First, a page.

Despite a dizzying array of toys and gadgets, resources and equipment, our children still come forward with the pronouncement that they’re bored (usually delivered in a pleading, whiney, sad voice).
And of course, they want us to ‘fix’ it.
Now, there are plenty of opinions on why children get bored - hardy favourites are today’s over-indulgence in technology, over-scheduling of children’s time by their parents, severe reduction on children’s unsupervised play range, and children having greater expectations of their parents as playmates – but they are no more the cause of children’s boredom than “go outside and play” is the solution (you’ve tried that and you know that doesn’t work!).
It’s not a shortage of things or activities that lead children to feel bored, it’s an inability to manage their own unstructured time. And, it’s not unique to today’s children - it’s not even unique to children. As teenagers and adults, we too struggle to learn to manage our time well. It takes practice and experience. Our children need to develop their own abilities so it's essential they get experience in deciding for themselves how to use periods of unstructured time - or they'll never learn to manage it.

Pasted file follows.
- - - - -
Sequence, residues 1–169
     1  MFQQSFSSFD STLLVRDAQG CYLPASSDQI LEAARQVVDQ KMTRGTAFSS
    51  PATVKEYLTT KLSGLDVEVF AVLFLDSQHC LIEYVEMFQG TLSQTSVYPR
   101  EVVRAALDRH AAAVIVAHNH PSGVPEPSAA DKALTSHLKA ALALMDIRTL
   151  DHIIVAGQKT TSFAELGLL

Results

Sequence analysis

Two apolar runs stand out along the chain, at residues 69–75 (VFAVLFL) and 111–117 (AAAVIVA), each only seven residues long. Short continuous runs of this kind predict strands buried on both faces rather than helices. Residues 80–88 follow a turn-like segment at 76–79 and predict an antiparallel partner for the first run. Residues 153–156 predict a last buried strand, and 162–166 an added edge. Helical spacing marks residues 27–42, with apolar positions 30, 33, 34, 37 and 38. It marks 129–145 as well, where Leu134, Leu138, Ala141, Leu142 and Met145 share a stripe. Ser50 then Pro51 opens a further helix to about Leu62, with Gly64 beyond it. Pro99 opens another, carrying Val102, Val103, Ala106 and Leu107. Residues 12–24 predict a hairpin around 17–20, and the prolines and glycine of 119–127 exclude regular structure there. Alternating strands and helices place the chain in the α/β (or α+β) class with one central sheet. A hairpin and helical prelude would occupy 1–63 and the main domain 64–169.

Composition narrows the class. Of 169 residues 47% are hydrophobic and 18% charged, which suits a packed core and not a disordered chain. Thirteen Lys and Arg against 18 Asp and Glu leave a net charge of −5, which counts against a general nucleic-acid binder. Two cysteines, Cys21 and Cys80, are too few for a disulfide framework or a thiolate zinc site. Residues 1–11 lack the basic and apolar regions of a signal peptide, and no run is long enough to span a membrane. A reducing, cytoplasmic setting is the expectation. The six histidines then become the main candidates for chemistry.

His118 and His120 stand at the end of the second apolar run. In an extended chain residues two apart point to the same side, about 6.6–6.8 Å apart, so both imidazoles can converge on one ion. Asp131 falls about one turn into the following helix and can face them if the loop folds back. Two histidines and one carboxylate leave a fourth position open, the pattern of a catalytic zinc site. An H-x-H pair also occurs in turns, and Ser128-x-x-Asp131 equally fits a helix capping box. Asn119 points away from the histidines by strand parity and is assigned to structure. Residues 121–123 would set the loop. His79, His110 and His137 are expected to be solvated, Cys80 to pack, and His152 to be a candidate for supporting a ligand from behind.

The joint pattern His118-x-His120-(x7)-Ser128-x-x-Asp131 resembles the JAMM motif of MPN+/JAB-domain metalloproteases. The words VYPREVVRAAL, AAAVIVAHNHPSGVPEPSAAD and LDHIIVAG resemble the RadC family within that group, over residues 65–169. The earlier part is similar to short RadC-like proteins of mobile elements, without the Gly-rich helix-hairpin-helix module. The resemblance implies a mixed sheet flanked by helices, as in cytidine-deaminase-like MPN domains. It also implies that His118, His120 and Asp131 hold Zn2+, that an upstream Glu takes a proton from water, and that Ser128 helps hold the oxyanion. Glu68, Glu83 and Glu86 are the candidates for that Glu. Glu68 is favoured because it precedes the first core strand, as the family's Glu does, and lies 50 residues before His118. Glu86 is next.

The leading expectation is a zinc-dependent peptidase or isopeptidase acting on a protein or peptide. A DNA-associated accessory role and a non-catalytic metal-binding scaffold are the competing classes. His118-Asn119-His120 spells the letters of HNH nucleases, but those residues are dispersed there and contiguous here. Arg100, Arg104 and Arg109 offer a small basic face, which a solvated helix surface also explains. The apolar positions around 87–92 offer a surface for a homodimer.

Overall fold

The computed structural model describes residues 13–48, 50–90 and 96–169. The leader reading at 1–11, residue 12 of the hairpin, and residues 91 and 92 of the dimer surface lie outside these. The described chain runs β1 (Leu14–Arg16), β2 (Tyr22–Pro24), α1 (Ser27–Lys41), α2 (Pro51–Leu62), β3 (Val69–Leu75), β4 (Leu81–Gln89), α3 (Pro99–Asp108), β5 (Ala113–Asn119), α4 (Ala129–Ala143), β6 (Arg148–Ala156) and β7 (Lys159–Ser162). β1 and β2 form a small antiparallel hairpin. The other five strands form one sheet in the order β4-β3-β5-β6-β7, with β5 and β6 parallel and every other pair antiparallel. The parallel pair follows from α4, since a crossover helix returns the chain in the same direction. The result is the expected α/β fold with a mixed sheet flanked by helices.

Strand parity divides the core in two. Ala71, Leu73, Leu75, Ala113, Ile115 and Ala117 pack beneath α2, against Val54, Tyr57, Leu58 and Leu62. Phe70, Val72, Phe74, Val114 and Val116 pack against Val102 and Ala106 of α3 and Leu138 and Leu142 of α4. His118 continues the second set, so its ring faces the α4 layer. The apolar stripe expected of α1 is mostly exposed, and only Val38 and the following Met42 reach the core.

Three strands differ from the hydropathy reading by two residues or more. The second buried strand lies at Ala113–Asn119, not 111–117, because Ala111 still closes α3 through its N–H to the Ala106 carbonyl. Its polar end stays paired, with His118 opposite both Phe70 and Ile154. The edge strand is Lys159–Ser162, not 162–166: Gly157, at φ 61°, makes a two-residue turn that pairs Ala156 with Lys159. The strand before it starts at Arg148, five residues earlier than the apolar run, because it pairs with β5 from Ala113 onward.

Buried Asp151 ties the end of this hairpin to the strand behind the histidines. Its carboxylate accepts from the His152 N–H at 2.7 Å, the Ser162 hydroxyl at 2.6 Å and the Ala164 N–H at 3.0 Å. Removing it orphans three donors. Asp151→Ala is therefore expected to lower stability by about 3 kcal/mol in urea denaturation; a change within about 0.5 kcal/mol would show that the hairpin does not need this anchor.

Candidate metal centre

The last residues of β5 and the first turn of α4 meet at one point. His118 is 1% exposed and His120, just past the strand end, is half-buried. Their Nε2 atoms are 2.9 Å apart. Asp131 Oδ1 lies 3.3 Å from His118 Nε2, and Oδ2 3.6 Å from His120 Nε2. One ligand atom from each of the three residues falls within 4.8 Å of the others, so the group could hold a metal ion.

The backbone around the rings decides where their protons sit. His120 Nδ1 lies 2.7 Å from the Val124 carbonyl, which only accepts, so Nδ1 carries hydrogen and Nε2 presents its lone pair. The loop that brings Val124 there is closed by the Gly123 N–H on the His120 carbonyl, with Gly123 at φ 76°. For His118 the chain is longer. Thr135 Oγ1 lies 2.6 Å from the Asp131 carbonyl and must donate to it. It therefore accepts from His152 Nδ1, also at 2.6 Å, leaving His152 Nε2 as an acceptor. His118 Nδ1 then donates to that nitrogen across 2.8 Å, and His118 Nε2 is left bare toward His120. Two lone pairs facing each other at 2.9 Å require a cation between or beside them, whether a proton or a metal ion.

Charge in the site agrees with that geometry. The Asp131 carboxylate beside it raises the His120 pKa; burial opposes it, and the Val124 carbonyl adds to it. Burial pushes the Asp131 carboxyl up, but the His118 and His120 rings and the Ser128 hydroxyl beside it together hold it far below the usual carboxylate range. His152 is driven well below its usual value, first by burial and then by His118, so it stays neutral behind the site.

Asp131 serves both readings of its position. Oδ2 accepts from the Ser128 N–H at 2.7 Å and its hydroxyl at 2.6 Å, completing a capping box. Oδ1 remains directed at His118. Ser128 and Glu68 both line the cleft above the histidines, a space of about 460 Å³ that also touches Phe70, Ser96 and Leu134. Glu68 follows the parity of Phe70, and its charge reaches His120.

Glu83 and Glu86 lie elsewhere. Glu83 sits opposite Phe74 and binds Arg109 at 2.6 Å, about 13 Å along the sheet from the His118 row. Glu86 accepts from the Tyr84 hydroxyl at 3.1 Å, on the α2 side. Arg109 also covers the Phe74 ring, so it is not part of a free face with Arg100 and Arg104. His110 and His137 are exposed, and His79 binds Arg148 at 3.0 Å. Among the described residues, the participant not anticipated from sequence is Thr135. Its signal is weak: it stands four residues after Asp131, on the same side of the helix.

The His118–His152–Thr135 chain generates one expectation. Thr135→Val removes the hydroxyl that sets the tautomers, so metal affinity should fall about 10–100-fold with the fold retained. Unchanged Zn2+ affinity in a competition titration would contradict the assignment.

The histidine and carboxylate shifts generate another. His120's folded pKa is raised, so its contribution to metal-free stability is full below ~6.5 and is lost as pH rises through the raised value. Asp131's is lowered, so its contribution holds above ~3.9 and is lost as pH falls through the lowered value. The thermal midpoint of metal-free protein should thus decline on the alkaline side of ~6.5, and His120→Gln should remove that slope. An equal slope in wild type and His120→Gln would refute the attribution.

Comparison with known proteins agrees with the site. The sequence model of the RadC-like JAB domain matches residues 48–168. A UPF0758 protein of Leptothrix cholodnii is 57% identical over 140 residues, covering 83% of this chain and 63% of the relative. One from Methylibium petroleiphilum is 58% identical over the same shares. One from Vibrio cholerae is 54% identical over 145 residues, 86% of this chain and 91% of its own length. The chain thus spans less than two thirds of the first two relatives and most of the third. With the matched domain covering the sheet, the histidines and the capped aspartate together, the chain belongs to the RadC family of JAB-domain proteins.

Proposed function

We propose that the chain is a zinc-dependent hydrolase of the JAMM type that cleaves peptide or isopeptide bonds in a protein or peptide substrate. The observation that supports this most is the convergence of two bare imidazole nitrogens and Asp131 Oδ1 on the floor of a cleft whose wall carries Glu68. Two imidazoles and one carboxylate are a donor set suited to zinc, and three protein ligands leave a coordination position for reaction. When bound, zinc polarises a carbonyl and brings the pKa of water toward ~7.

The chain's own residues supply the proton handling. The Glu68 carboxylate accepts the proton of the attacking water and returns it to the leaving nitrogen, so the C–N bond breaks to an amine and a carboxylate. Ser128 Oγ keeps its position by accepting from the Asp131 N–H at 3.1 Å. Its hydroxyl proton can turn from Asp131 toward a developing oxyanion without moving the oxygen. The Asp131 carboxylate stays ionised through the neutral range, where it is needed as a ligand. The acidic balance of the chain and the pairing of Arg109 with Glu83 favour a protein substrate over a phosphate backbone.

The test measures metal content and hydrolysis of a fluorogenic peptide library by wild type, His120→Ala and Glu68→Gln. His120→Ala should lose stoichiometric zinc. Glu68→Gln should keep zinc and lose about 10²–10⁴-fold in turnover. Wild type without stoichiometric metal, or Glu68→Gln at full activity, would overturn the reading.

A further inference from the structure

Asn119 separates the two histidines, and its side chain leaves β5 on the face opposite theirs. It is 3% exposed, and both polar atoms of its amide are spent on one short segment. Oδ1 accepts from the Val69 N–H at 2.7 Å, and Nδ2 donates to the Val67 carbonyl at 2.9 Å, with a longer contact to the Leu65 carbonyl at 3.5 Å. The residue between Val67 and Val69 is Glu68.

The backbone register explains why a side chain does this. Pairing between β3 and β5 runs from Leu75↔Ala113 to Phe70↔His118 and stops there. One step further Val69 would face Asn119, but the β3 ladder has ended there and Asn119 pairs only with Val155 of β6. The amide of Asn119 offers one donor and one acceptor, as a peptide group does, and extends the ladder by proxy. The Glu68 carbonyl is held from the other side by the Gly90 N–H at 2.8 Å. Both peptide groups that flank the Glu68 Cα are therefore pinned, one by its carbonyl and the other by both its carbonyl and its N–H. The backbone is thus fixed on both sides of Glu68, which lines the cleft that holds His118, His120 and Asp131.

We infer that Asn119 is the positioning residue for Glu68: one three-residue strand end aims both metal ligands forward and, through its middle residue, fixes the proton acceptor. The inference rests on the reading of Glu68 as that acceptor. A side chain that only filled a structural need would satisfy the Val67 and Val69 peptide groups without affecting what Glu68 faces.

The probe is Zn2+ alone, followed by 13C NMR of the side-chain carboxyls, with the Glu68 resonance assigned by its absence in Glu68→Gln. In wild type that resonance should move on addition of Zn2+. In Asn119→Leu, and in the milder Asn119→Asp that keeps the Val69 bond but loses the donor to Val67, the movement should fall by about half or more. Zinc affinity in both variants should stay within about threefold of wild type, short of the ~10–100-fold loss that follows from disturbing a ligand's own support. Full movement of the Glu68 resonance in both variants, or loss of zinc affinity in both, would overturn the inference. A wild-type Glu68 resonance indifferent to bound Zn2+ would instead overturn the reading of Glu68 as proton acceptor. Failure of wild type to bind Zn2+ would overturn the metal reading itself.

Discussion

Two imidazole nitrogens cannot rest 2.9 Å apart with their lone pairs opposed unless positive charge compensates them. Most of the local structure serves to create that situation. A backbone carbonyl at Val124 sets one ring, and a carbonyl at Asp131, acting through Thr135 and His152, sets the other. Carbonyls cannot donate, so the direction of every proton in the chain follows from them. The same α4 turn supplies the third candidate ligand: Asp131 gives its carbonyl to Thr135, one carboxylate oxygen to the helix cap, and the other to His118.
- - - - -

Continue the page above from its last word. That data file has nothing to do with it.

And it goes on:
Maybe even more important, unstructured time gives our children the opportunity to explore their inner and outer worlds, which is the beginning of creativity. This is how they learn to engage with themselves and the world, to imagine and invent and create.
Children need to get bored, and the remedy for “I’m bored” is not ever more creative and compelling activities. It’s not even to come up with activities at all. The remedy is to provide the space and encouragement for our children to develop and practice their own time-utilisation skills.
How Do We Help?
- We listen. Listening opens the communication channels.
- We connect. Just by chatting and snuggling, our child will probably get the ‘refuelling’ they need and be on their way fairly quickly. Most of the time when children are whiny and unable to focus, it's because they need more deep connection time with us.
- We encourage. Once we're conﬁdent that our child has a full ‘love tank’ we can revisit the what to do question (if they don’t already have some ideas themselves). We just keep reminding them that figuring out how to enjoy their own time is something they must learn for themselves (but of course we can help brainstorm the possibilities).
It’s not only okay to let our child be bored, it’s important that we do so; their boredom means we’re doing our job as a parent.